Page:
Machine learning model helps inform sepsis treatment in ER

Researchers from the Massachusetts Institute of Technology in Cambridge and Massachusetts General Hospital in Boston created a predictive modeling system to help inform clinical decisions for sepsis patients in the emergency room.

To create the model, researchers compiled medical records for nearly 186,000 patients treated at Massachusetts General's emergency room between 2014-16. Some patients received vasopressors within the first 48 hours of their hospital visit. Researchers reviewed every medical record for patients with likely septic shock to identify the exact time vasopressors were given.

Researchers used 70 percent of the records to train the machine learning model, which identified more than two dozen clinical factors, such as blood pressure, total fluid volume administered and respiratory rate, present in the cases. The model works by analyzing these clinical features during set time intervals to look for patterns that indicate whether a patient needs vasopressors.

Researchers tested the model using the remaining 30 percent of medical records and found it could correctly predict whether patients would need vasopressors in the next two hours 80 to 90 percent of the time.

"It's important to have good discriminating ability between who needs vasopressors and who doesn't [in the ER]," lead author Varesh Prasad, a PhD student in the Harvard-MIT Program in Health Sciences and Technology at Cambridge, said in a press release. "We can predict within a couple of hours if a patient needs vasopressors. If, in that time, patients got three liters of IV fluid, that might be excessive. If we knew in advance those liters weren't going to help anyway, they could have started on vasopressors earlier."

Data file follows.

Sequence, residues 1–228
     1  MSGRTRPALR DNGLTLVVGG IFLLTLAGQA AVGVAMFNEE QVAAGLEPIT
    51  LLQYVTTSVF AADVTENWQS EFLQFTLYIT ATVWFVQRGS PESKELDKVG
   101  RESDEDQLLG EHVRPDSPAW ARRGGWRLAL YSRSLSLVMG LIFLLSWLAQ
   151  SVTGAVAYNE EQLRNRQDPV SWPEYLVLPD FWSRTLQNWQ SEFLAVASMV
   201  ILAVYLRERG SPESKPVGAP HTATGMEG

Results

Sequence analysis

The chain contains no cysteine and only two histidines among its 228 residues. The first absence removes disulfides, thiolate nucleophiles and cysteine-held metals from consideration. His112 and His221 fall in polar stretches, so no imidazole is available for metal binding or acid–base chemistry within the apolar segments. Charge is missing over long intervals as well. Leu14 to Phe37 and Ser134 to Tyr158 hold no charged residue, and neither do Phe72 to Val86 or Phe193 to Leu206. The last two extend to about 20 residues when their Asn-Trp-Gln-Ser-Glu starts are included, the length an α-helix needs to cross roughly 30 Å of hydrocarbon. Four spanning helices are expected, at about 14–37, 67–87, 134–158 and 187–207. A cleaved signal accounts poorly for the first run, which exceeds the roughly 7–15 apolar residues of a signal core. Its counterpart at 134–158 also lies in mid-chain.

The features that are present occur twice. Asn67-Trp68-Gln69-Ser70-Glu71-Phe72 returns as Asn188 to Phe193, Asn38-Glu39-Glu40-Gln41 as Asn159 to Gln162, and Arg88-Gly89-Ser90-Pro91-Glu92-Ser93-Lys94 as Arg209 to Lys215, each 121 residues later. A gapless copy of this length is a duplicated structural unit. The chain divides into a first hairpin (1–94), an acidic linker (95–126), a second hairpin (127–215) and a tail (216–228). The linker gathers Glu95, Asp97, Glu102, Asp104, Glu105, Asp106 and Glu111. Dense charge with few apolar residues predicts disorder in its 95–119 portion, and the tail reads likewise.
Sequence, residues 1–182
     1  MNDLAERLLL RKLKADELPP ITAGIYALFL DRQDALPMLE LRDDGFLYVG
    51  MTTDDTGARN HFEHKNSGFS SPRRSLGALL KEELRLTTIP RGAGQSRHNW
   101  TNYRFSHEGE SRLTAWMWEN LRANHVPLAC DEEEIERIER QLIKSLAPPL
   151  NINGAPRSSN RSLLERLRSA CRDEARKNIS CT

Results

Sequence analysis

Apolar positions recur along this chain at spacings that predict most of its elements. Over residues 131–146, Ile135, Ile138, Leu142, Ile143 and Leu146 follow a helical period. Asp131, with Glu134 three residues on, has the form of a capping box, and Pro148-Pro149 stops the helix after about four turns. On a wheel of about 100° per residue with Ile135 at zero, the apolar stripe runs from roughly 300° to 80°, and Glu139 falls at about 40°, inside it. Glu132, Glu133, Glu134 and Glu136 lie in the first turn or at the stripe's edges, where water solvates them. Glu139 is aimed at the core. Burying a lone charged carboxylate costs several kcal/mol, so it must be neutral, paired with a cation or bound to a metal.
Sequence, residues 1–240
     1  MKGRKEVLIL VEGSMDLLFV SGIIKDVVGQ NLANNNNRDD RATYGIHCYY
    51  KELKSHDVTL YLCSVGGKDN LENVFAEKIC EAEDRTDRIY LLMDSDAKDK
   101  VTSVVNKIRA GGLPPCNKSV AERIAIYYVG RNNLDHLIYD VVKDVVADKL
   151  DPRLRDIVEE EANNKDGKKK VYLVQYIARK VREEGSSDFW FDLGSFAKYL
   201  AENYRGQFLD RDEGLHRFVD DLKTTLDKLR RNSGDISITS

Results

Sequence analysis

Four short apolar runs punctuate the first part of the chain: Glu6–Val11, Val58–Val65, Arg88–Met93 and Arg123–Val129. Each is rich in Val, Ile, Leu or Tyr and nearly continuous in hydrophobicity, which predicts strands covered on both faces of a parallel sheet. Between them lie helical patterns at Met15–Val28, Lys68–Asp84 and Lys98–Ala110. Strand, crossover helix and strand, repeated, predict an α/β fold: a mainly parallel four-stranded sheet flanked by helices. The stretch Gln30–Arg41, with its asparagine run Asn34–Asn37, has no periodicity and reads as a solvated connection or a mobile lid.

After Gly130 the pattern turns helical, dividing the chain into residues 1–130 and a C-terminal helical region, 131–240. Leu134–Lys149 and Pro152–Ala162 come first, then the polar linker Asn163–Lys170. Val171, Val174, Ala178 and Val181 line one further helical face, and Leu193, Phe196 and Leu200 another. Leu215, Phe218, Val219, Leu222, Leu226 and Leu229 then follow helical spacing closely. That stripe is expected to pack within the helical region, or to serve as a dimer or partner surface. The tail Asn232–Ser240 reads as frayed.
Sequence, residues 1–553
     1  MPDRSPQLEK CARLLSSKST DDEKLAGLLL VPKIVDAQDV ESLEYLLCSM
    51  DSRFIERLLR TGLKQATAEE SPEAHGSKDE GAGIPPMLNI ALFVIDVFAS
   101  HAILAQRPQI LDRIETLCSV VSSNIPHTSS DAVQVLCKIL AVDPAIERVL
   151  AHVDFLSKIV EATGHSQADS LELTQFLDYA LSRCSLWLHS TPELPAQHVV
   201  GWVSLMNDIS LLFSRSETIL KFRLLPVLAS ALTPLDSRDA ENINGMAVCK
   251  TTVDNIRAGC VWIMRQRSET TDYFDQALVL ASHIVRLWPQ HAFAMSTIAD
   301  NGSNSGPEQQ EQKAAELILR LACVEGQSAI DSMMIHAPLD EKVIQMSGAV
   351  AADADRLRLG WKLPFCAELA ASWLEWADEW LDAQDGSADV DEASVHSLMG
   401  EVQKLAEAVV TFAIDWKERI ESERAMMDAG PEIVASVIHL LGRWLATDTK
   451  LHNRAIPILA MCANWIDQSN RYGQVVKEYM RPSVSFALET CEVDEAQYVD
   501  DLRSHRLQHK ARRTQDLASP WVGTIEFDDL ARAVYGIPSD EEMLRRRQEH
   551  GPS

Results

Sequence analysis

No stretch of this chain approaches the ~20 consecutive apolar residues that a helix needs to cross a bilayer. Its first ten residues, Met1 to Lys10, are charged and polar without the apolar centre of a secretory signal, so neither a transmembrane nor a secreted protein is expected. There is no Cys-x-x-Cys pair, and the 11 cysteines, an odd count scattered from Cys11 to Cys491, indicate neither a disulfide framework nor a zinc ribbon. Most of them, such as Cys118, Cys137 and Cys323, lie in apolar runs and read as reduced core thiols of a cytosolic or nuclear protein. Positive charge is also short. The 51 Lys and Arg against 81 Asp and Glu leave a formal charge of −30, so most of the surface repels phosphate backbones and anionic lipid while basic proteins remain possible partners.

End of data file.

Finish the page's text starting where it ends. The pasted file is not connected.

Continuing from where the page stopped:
The machine learning model is the first system specifically designed to inform sepsis treatment in the emergency room. Researchers said they hope to create additional tools to predict sepsis risk in real-time in the ER. "The idea is to integrate all these tools into one pipeline that will help manage care from when [patients] first come into the ER," Mr. Prasad said.

The researchers presented their findings at the American Medical Informatics Association's Annual Symposium in San Francisco this week.

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